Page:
This post serves as introduction for a new series of posts: Seapower in Culture. Inspired in part by Alyssa Rosenberg’s work at the Center for American Progress, but also by a recent David Sirota column attacking my beloved Top Gun and by the imminent arrival of this horror, Seapower in Culture will investigate (unsurprisingly) the depiction of seapower in modern pop culture.
I’m approaching this series with a broad definition of seapower, which I’ll conceptualize as the ability of actors (governments, NGOs, etc.) to shape political and economic outcomes through employment of maritime means. This leaves a great deal of latitude, which is appropriate for a series of this nature. The series will range widely into science fiction and fantasy. Battlestar Galactica, Star Wars, Tolkien’s Lord of the Rings, and George R.R. Martin’s Song of Fire and Ice are all in the lineup. However, I’ll also include more conventional depictions of seapower, including Final Countdown (the first entry in the series) Riddle of the Sands, Patrick O’Brian’s Aubrey-Maturin series, Top Gun, and the like.
Each entry will contain the following elements, roughly in this order. A plot summary will either introduce the work or remind readers of the general series of events. I’ll then examine the theory of seapower (or lack thereof) that animates the work. A discussion of other interesting, related bits (depiction of civil-military relations, historical antecedents and influence, position within the canon, influence) will follow. Let’s be clear: There will be spoilers.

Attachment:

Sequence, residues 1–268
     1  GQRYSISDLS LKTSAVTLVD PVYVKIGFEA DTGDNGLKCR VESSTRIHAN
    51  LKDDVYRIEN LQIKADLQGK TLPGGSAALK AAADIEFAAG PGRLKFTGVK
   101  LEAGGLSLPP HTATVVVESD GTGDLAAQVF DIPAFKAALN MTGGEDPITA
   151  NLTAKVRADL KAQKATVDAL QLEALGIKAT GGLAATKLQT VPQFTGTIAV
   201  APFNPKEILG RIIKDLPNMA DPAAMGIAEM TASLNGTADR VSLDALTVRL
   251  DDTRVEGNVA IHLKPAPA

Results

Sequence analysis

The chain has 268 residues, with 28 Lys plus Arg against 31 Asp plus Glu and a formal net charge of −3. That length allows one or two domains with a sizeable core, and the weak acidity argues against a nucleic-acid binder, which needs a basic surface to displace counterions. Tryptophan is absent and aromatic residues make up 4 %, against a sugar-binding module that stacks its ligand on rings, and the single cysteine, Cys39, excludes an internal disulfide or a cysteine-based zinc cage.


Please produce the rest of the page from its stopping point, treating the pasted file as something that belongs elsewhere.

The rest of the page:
I plan to cross-post this series at both LGM and ID. In part this is to justify the workload to my self; essays like these require more time and attention that a simpler link-and-comment post. However, given that the commenting communities are so radically different at LGM and ID, I think it’s worth getting reactions and feedback from both groups. Indeed, I encourage the readers of one blog to take a look at the comments on the other (and not just for this series).
I’ll be writing this series every other Sunday, with the intervening Sundays normally reserved for a book review (I have lots of airpower book reviews essentially in the can). Next week’s entry will, as noted, be Final Countdown, the 1980 Kirk Douglas-Martin Sheen film featuring a time-traveling USS Nimitz. It’s streaming on Netflix, so anybody who’s interested should take this opportunity to give it a viewing…